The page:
|

Exploring Omotesando’s cool cultural playground

by Jason Jenkins

Over the course of my adult life, I’ve made — and forsaken — countless New Year’s resolutions. So many that by my mid-30s I had stopped making them altogether. Then a few years ago, I began using Jan. 1 to commit myself to small parental self-improvements that were feasible enough that even I could pull them off.

My first successful resolution was this: to provide my kids with at least one “cultural experience” a month, a vow just vague and ambitious enough to work. Tokyo is brimming with cultural experiences, and by making such an open-ended resolution, I began to see opportunities everywhere. Temples, festivals and museums were easy, but I also wanted my brood interacting with the arts, and since Yoyogi Park is one of our main stomping grounds, the Omotesando area near the park’s Harajuku entrance became one of our first places to explore. Known best for high-end shopping and the pulsing youth culture of Takeshita-dori next door, Omotesando is not usually considered a place for child-centered fun, but look beyond the boutiques and you’ll find a handful of interesting places for kids and adults alike. And if the kids don’t respond, then the park is just a 10-minute stroll away. Here are just a few places within walking distance.

Let’s start with some books and food. On a side street near Exit A1 of Omotesando Station you’ll find family-centered shopping at Crayon House (www.crayonhouse.co.jp). The first floor has a good selection of kids’ books in both English and Japanese, while the third floor has an impressive array of imported and domestic toys. Much of what’s here is pricey and packaged to sell, but there are several sample play centers, usually showcasing the creative wooden sets that the Scandinavians craft so well.

Crayon House offers much more — including nutritional resources and breast-feeding facilities — but it’s the restaurant that I’m really recommending. Nutritious, delicious and very kid-friendly, its all-you-can-eat organic buffet lunch makes it one of my favorite restaurants in the city. My kids love it too, and they’re not alone, so arrive before 11:30 a.m. to avoid a line. Or do like we do and arrive early for toys and books, then be the first to tuck into the buffet.

With full bellies, it’s time for some art. Follow Omotesando’s main drag west two blocks to the Louis Vuitton storefront. That’s right: We’re walking into a luxury-goods flagship store with children, but we’re not here to shop. On the seventh floor is Espace Louis Vuitton (www.espacelouisvuittontokyo.com/en), the brand’s own gallery space, where you’ll frequently find installation pieces that all ages can appreciate. Large 8.5-meter-high windows offer a great view of the area, and the curator makes use of the ample daylight, frequently choosing art that emphasizes the bright and shiny. Exhibits are free and sometimes even come with a nicely bound book (also complimentary).

Words such as “fashion” and “gallery” don’t exactly scream “bring the kids,” but the seventh-floor staff have always been warm and welcoming to us. So much so that in 2012, my daughter and I spent half an afternoon there, lounging inside one of Ernesto Neto’s large woven sculptures that hung from the gallery ceiling (don’t worry — we had permission). I don’t know much about the next exhibit starting Jan. 18, but this space should be on your radar.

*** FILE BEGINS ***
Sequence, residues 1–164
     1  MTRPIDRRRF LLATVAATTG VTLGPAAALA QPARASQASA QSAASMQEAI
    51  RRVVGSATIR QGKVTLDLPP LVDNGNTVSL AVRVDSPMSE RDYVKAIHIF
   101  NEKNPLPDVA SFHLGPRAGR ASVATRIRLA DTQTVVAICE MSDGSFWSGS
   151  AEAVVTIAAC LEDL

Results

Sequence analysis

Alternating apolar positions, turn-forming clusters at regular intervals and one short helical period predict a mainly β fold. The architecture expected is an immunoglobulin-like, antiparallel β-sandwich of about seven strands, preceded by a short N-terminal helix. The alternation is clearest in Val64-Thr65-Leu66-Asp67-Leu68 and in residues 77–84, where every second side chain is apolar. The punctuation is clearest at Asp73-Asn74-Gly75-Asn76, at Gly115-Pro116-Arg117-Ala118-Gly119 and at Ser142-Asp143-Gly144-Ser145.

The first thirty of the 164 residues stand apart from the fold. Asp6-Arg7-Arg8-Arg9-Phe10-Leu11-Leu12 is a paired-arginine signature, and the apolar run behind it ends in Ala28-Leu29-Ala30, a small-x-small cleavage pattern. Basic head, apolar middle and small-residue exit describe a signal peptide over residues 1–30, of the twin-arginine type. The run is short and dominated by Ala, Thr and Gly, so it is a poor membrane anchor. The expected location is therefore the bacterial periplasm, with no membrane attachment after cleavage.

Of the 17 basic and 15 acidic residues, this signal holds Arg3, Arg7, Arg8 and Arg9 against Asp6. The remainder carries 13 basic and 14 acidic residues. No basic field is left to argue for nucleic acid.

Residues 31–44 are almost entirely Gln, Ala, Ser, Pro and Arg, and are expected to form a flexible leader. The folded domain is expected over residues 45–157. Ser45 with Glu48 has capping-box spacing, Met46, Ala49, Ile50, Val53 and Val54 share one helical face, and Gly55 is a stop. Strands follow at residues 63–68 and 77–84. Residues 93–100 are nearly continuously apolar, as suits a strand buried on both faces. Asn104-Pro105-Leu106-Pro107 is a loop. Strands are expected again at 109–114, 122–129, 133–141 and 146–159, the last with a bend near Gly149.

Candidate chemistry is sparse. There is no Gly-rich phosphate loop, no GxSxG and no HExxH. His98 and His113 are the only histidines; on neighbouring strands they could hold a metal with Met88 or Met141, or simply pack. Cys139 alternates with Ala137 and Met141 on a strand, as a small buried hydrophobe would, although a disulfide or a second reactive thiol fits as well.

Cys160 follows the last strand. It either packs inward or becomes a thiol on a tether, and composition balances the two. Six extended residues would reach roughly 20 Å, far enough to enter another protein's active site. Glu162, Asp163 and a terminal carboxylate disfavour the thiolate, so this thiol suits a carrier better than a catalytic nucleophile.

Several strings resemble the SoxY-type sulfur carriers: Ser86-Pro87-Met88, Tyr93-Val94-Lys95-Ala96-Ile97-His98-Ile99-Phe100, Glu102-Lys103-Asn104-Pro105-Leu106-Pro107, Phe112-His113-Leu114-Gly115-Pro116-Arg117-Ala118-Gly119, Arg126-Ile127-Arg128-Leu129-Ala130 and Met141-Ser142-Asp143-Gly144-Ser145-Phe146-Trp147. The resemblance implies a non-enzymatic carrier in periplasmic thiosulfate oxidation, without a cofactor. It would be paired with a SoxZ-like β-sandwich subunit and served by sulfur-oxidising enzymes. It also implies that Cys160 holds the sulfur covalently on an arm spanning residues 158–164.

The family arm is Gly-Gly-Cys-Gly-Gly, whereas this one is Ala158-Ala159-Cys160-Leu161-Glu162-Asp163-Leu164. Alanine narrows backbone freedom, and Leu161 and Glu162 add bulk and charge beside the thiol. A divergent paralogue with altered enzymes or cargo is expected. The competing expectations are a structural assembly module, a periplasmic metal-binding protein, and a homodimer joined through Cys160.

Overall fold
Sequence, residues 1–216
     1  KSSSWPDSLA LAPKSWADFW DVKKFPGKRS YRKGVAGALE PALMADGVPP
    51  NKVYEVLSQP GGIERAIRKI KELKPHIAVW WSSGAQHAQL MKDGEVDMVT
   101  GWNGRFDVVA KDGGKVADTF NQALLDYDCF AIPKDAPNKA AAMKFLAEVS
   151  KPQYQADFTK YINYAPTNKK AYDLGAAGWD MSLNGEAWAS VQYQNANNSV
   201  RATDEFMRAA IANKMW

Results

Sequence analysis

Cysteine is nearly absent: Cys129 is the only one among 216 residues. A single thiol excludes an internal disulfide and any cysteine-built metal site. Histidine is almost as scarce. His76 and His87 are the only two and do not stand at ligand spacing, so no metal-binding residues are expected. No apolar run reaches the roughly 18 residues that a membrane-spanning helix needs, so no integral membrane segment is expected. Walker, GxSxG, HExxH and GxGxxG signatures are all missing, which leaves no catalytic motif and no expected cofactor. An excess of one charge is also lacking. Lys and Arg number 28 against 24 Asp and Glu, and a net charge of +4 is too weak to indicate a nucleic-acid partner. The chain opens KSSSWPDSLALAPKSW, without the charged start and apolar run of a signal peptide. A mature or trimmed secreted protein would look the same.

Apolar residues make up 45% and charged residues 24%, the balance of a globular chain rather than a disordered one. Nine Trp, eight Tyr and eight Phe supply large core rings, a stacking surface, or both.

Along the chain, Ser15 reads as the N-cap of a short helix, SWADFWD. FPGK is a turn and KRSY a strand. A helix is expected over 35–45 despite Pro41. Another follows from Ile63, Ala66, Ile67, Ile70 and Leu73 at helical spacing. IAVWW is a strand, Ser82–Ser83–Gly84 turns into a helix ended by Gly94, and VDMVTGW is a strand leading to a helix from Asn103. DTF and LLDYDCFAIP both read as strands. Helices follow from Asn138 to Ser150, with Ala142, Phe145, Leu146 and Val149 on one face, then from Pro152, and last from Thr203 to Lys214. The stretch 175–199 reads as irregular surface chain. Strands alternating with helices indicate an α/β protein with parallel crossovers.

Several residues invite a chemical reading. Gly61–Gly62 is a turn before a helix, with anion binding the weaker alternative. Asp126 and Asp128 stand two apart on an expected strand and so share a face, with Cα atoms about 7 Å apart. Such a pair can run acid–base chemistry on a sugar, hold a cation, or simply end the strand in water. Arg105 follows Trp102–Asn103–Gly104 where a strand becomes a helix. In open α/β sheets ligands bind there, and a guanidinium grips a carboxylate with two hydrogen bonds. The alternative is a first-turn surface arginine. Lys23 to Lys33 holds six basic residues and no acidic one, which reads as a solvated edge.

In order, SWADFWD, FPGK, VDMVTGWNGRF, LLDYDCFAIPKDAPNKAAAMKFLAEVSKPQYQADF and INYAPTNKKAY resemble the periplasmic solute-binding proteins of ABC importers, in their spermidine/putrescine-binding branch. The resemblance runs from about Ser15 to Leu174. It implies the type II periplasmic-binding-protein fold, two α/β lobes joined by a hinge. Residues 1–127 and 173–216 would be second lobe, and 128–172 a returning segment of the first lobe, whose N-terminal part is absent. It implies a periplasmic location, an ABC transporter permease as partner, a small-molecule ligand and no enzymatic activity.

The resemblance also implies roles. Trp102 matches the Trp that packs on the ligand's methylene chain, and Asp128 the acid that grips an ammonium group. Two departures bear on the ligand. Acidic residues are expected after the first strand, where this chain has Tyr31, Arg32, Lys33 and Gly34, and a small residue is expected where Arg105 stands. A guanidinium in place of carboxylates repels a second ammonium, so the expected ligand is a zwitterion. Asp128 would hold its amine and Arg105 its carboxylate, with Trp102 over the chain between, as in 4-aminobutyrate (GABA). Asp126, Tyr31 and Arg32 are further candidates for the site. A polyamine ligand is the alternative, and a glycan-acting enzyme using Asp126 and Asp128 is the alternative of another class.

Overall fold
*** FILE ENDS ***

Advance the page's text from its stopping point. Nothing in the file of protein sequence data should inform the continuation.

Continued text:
Head to the Meiji-dori intersection and cross to the other side of Omotesando, where you’ll gaze up at the mirrored facade of the Omohara Tokyu Plaza building (omohara.tokyu-plaza.com). If you’re keen for a caffeine boost, the Starbucks on the roof here is a great place to sit down and sip a drink. The deck is even better in the warmer months, but the view from this vantage point is nice year round, especially at sunset.

Once you’ve finished your cup, walk north on Meiji-dori. In about 200 meters, you can cross the street and head into the psychedelic fashion hub of Takeshita-dori, but if you’re still in the mood for art, take a right and wander the back alleys of Harajuku until you arrive at the Design Festa Galleries (www.designfestagallery.com/index_en.html)

Like the massive biannual art fair of the same name, the Design Festa Galleries serves as a springboard for young and aspiring art students. The sprawling complex (two buildings, over 50 spaces) is home to work of varying quality, but it is frequently full of color and sloppy energy — just the kind that kids often respond to.

I’ve never consulted the galleries’ schedule, but have twice stumbled into free weekend workshops for kids while visiting.

Attached to the galleries is a bar selling snacks and juices, as well as Sakuratei (www.sakuratei.co.jp), an okonomiyaki (cabbage-based savory pancakes) restaurant covered in garishly awesome murals, often painted by gallery alumni. The place gets loud and smoky after 9 p.m., but an early dinner here might be the best way to cap off a day of culture in this part of the city.